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See also
Lucy OKEOVER's other family: with Alan de WALDESHEF (1245?- )
Lucy OKEOVER's father: Hugh de ACOVERE ( - )

Family of William de LA LAUNDE and Lucy de OKEOVER

Husband: William de LA LAUNDE ( - )
Wife: Lucy de OKEOVER ( -bef1287)

Husband: William de LA LAUNDE

Name: William de LA LAUNDE
Sex: Male
Father: -
Mother: -

Wife: Lucy de OKEOVER

Name: Lucy de OKEOVER
Sex: Female
Father: Hugh de ACOVERE ( - )
Mother: -
Death bef 1287

Note on Wife: Lucy de OKEOVER



In 1281, Richard and Joan were involved in a dispute with Letitia, the widow of Alexander le Mercer of Ashbourne, over her dower lands in Alsop (11)(12)(13).

Its not clear whether there was any family relaionship between Richard or Joan and Letitia, but its certainly possible as Joan's mother Lucy and her stepfather

Alan de Waldschef were named as vouching warranty for half of the disputed claim (11)(14)(15).


15 "The Rolls of the 1281 Derbyshire Eyre" published by the Derbyshire Record Society. Entry A10 from the Lincolshire Eyre of 1281, reads:

Quindene of Trinity. Alan de Waldschef and Lucy, warrantors of Richard de Morley and Joan, defaulted. Sheriff had done nothing nor sent the writ. Ordered to summon them for quindene of Michaelmas and be present to hear judgement on himself. John de la Plaunche and Elena did not come. Same day given to all parties.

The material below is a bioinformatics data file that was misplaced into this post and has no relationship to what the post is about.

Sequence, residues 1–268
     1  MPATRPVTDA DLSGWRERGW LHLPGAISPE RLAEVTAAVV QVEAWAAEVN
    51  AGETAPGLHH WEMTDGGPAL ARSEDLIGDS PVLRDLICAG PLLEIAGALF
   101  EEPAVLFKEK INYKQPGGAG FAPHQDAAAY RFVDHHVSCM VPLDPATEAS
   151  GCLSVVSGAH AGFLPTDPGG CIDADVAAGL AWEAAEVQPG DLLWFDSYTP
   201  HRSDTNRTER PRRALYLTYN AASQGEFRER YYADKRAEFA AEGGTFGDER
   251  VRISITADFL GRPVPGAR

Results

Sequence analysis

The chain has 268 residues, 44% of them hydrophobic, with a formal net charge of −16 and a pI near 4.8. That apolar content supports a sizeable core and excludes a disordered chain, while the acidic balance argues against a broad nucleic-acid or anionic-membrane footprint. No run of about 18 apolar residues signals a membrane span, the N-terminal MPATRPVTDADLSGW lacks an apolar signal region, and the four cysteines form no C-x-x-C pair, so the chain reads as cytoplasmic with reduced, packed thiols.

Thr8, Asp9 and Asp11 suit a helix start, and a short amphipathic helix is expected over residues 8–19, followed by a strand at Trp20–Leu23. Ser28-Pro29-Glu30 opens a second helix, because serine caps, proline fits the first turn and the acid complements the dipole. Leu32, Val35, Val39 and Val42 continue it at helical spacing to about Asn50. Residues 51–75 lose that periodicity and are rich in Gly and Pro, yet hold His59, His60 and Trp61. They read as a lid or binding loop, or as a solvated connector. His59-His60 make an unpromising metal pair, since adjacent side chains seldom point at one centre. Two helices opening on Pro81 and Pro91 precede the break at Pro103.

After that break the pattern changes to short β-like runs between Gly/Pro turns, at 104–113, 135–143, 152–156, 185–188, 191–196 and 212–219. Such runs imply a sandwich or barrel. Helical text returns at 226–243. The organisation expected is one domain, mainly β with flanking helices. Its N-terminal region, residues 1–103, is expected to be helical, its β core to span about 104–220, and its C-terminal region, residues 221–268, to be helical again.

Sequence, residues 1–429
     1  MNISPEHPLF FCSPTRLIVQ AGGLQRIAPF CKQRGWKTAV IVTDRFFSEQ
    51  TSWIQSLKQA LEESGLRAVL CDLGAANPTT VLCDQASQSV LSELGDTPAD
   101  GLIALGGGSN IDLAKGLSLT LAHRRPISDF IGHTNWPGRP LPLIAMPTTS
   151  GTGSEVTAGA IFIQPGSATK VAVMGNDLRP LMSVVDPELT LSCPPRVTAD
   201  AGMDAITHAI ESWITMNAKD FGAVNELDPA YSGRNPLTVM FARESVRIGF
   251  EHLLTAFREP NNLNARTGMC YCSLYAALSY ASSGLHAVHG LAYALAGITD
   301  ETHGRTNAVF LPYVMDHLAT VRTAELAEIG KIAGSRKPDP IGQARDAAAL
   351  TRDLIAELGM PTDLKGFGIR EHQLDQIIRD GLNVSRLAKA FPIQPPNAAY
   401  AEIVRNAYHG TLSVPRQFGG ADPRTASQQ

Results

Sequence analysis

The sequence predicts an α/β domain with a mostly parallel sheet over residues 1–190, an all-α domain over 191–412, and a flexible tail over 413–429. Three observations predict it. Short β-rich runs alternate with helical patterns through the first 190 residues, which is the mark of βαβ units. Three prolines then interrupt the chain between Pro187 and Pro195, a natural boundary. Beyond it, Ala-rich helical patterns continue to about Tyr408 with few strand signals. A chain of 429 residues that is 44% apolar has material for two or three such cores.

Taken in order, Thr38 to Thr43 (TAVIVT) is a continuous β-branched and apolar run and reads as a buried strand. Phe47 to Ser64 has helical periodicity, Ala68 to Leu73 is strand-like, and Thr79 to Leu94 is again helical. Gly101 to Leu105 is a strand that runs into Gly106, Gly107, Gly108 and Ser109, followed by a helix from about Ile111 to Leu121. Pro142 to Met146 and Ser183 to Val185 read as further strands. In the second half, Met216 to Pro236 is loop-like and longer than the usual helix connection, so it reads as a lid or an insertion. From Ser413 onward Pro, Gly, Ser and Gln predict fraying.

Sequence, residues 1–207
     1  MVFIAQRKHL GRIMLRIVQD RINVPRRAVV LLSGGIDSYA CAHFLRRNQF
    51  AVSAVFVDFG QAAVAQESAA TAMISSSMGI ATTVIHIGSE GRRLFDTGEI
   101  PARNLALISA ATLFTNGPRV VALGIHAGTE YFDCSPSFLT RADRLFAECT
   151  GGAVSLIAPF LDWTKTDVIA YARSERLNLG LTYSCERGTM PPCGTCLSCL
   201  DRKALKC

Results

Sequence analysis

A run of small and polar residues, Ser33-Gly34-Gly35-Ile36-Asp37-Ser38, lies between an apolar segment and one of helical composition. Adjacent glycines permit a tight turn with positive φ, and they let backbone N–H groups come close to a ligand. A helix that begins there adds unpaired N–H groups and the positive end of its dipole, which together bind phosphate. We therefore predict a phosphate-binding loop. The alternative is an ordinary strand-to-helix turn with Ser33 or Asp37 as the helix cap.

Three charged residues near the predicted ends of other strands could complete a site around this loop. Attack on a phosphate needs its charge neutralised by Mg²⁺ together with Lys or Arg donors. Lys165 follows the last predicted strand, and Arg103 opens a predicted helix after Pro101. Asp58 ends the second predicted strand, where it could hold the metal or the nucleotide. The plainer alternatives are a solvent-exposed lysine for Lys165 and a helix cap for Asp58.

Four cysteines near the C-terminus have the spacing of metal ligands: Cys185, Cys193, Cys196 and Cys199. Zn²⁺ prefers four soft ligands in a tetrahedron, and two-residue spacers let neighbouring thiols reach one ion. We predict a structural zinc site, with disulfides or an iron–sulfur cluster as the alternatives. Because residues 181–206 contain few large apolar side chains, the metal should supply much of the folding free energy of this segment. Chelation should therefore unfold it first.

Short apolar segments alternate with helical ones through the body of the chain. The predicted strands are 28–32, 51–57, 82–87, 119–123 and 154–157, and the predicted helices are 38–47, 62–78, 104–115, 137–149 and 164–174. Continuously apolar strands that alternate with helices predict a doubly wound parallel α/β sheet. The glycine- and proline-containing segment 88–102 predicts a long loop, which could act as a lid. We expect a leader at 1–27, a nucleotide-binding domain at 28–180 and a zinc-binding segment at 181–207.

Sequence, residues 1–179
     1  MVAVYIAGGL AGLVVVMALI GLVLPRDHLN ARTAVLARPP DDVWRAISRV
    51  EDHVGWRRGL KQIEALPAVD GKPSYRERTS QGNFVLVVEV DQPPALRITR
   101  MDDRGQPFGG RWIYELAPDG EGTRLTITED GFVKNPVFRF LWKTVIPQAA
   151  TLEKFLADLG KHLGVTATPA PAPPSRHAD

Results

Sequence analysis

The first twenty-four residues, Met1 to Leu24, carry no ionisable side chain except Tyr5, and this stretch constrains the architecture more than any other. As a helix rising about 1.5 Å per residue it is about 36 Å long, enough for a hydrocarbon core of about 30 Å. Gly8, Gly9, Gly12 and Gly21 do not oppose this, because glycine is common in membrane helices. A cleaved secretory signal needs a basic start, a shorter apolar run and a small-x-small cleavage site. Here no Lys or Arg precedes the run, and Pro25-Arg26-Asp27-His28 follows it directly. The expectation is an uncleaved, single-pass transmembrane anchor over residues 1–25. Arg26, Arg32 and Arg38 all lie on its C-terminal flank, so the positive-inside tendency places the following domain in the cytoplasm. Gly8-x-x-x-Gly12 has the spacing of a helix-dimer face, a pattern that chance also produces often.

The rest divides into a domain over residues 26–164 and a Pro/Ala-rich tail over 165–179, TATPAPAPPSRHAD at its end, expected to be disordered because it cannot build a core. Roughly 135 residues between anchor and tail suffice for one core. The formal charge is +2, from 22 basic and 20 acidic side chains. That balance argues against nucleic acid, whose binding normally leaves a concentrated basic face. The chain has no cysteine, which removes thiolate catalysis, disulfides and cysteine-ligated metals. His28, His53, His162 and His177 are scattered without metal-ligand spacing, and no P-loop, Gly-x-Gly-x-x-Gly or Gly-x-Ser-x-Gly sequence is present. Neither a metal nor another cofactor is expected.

Essoins for Richard de Morley and Joan's attorneys against Letitia and for John de la Plaunche and Elena. Alan de Waldeschelf and Lucy, John and Elena, warrantors, to be exacted. To quindene of Michaelmas. It did not lie because no summons was attested.

Essoins for attorneys of Letitia against Alan and Lucy.

Octave of St John the Baptist. Essoins for Richard de Morley and Joan against Letitia in a plea of dower.



Lucy was probably born in Okeover around the 1230s (1), the daughter of Hugh de Acovere (2)(3)(4).


She married William de la Launde (2)(3)(4) of Newton, near Pickering in Yorkshire, probably in the early 1250s. They settled at Caldelowe in Derbyshire, on the lands granted her by her father, and had a daughter Joan, followed by a son William around 1261, then another son John and another daughter Matilda (5).


Her husband died in or shortly before 1270 (2). Following his death, the king granted Lucy's marriage to Thierry le Alemaunt (7), but Lucy bought it (and the right to her heirs' marriages) back from him the following year (8).

She eventually remarried to Alan de Waldeskaf, sometime before 1278 (9). She and Alan vouched for her daughter Joan, and Richard de Morley her husband, in a dispute over land in Alsop, Derbyshire in 1281 (10)(11)(12). Nothing later is known of her.


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